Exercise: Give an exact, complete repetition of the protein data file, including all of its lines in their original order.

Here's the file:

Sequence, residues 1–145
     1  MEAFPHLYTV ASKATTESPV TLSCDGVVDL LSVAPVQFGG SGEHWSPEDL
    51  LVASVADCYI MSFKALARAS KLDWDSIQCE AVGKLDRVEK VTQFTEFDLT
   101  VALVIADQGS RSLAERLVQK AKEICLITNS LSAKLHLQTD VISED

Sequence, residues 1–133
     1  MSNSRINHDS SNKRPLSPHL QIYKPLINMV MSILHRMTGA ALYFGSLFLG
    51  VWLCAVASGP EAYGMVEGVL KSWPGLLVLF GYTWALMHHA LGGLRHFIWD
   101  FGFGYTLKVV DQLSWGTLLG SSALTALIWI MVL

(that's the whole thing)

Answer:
Sequence, residues 1–145
     1  MEAFPHLYTV ASKATTESPV TLSCDGVVDL LSVAPVQFGG SGEHWSPEDL
    51  LVASVADCYI MSFKALARAS KLDWDSIQCE AVGKLDRVEK VTQFTEFDLT
   101  VALVIADQGS RSLAERLVQK AKEICLITNS LSAKLHLQTD VISED

Sequence, residues 1–133
     1  MSNSRINHDS SNKRPLSPHL QIYKPLINMV MSILHRMTGA ALYFGSLFLG
    51  VWLCAVASGP EAYGMVEGVL KSWPGLLVLF GYTWALMHHA LGGLRHFIWD
   101  FGFGYTLKVV DQLSWGTLLG SSALTALIWI MVL